The HIN232-HIN241 series RS-232 transmitter/receiver interface circuit meets all E1ARS-232E and V.28 specifications and is particularly suitable for applications where ±12V is not available. They need a single +5V power supply (except HIN239) and a functional on-board charge pump voltage converter that produces +10V and 5V power supply -10V power. This family of devices offers a wide variety of RS-232 transmitter/receiver combinations to suit different applications. The driver features true TTL/CMOS compatible inputs, slew rate limited output, and 300Ω off supply impedance. The receiver can handle up to ±30V and has a 3kΩ to 7kΩ input impedance. The receiver also has hysteresis, which greatly improves noise rejection.
The HIN232-HIN241 Series RS-232 Transmitter/Receiver is powered by a single +5V supply (except HIN239) with low power consumption and meets all E1ARS-232C and V.28 specifications. The circuit is divided into three parts: a charge pump, a transmitter and a receiver.
Figure 1 charge pump:
Equivalent Circuit of Charge Pump The charge pump shown in Figure 1 contains two parts: a voltage multiplier and the voltage type inverter. Each section is driven by a two-phase, internally generated clock to produce +10V and -10V. The nominal clock frequency is 16 kHz. In one of the first phase clocks, capacitor C1 is charged to VCC. In phase 2, the voltage on C1 is applied to VCC, producing a signal across C3 equal to twice VCC. In the first phase, C2 is also recorded as 2VCC, and then in the second phase, it is inverted to ground to produce a signal at both ends of C4 of -2VCC. The charge pump accepts input voltages up to 5.5V. The output multiplier portion has an output impedance (V+) of about 200 Ω, and the output impedance voltage of the inverter portion (V-) is about 450 Ω. A typical application uses a 1μF capacitor C1?C4, however, this value is not critical. Increasing the values of C1 and C2 will reduce the output impedance of the voltage multiplier and the inverter, increasing the storage capacitor, and the values of C3 and C4 reduce the ripple on the V+ and V- supplies. When the shutdown control mode (HIN236, HIN240, and HIN241) shutdown control line is set to logic "1", when the charge pump is off, V+ is pulled low to VCC type, V-type is pulled up to GND, and the supply current is reduced to Less than 10μA. The transmitter output is disabled and the receiver output is placed in a high impedance state
Figure 2 Transmitter：
The transmitter is a TTL/CMOS compatible inverter which translates the input to the RS-232 output. The input logic threshold is approximately 26% VCC or 1.3V VCC = 5V. The voltage between -5V and V- in the logic 1 input is at the output, and the result of logic 0 is between +5V and (V+-0.6V). Each emitter input has an internal 400kΩ pull-up resistor so that any unused input can be left floating and its output held in its low state. The output voltage swing meets the ±5V minimum RS-232C specification and the worst case 3kΩ minimum load for all transmitter drives: conditional impedance, VCC=4.5V, and maximum allowable operating temperature. The transmitter has an internal limiting output slew rate of less than 30V/μs. The output is a short circuit protection function that can short circuit to ground. The power-off output impedance is 300Ω minimum with ±2V applied to the output and the fifth CC=0V.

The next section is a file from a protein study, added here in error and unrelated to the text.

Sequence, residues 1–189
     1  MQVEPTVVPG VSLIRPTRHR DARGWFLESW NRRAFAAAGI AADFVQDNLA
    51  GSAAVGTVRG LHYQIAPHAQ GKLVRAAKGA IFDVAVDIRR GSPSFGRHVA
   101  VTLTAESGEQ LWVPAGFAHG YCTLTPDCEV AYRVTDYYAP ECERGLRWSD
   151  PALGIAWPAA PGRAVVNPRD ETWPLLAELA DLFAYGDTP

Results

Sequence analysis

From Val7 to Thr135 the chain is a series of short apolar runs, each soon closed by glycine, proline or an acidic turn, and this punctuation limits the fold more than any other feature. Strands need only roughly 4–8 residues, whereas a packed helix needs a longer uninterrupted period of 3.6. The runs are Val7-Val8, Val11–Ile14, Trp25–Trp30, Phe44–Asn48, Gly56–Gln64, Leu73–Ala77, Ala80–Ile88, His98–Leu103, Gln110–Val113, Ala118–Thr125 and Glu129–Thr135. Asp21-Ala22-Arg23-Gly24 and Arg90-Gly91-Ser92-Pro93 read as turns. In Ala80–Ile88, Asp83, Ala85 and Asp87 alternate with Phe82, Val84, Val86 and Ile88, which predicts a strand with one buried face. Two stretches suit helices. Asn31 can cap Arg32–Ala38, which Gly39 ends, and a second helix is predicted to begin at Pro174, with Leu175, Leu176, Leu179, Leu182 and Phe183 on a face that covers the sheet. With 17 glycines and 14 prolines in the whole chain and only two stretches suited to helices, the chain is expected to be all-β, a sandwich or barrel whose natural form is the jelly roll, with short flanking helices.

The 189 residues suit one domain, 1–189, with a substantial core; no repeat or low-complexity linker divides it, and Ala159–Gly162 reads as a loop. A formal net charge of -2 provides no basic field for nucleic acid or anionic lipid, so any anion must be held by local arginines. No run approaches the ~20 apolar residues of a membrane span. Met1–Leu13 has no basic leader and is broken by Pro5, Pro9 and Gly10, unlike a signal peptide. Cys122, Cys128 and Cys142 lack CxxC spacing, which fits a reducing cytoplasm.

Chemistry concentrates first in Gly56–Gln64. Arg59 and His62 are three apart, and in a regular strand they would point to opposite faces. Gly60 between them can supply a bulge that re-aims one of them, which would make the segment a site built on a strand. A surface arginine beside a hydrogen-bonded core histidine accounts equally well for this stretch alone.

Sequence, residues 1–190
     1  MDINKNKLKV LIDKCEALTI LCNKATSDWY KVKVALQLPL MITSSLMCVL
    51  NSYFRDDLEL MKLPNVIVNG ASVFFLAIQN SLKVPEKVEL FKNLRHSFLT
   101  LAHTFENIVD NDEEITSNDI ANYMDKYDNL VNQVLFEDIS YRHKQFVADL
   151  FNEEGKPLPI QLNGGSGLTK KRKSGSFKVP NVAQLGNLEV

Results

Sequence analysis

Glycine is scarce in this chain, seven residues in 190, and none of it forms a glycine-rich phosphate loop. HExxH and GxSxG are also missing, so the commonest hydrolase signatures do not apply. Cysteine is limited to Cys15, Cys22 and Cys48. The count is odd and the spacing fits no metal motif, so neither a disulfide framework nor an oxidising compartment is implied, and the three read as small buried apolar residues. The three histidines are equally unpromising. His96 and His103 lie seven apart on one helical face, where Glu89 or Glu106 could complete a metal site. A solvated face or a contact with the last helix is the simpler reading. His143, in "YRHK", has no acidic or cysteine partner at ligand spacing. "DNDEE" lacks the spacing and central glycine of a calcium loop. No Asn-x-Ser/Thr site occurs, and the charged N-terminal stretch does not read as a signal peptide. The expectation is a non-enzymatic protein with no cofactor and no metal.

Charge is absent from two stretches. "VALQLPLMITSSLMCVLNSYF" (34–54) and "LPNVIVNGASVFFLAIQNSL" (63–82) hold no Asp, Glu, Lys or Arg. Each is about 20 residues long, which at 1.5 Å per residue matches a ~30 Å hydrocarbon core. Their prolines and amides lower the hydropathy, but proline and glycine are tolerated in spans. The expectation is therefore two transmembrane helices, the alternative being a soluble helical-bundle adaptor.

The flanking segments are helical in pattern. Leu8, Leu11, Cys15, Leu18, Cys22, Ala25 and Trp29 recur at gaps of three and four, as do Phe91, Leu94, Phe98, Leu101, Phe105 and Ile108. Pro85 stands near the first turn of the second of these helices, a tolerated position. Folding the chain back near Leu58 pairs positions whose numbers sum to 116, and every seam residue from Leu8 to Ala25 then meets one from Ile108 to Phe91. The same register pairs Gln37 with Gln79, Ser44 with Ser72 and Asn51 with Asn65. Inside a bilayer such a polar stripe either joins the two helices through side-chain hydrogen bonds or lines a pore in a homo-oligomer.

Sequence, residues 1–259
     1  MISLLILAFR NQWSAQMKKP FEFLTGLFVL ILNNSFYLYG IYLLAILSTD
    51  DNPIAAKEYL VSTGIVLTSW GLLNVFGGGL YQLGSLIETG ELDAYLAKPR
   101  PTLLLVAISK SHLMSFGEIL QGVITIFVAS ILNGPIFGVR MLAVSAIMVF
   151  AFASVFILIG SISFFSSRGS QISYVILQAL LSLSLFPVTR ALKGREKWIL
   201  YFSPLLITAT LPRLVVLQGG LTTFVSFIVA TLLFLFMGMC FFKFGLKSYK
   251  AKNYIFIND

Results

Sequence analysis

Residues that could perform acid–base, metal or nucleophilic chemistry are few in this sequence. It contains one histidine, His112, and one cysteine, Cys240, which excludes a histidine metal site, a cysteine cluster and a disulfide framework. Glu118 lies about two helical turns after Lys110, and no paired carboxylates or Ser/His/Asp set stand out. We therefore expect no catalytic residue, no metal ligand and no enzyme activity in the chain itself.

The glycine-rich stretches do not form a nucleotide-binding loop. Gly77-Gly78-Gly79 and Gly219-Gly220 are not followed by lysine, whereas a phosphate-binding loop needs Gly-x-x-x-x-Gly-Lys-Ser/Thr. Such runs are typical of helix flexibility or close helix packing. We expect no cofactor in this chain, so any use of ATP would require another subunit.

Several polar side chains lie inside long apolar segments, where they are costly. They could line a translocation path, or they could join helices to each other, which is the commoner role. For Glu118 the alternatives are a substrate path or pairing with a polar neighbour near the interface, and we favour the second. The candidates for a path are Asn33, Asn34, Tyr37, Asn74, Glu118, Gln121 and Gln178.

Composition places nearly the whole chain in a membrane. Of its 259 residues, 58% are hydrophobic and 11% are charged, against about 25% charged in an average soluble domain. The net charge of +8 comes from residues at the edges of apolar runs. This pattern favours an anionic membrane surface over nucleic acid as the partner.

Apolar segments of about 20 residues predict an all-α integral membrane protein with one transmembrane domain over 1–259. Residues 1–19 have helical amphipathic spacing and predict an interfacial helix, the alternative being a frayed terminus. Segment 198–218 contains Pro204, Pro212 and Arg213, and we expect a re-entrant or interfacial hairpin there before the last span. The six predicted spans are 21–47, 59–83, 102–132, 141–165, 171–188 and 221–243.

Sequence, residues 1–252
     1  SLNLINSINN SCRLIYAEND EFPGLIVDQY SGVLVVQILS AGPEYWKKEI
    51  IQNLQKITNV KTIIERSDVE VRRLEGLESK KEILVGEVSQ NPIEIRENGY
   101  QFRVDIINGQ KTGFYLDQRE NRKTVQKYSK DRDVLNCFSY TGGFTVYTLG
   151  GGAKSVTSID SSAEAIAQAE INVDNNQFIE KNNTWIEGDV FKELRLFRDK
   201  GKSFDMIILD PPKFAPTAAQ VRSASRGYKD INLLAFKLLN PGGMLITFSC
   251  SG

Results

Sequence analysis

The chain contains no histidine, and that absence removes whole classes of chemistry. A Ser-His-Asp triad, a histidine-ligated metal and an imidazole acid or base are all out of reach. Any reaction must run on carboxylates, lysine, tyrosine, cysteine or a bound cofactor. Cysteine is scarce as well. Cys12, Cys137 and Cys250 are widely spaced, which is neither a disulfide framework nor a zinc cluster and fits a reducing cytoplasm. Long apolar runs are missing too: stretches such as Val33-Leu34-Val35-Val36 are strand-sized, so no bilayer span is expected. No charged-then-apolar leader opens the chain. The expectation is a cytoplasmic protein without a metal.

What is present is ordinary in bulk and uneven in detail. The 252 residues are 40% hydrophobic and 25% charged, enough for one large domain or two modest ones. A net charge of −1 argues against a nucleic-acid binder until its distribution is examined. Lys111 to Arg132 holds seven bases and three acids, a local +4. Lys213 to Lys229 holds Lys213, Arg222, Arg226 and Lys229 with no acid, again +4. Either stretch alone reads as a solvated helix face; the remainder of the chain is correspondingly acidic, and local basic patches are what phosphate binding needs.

Figure 3 receiver:
Figure 4 propagation delay definition:
The receiver input accepts up to ±30V and presents the required 3kΩ to 7kΩ input impedance even when the power is off (VCC=0V). The receiver has a typical input threshold of 1.3V which is within ±3V and is referred to as the transition zone in the RS-232 connection specific cation. The receiver output is 0V to VCC. The output will be low when the input is greater than 2.4V and high as long as the input is floating or between +0.8V and -30V. The receiver features 0.5V hysteresis to improve noise rejection. The receiver enable line EN, when set to logic "1", (HIN236, HIN239, HIN240, and HIN241) disables the receiver outputs and places them in high impedance mode. When the receiver output is also placed in a high impedance state, it is in shutdown mode.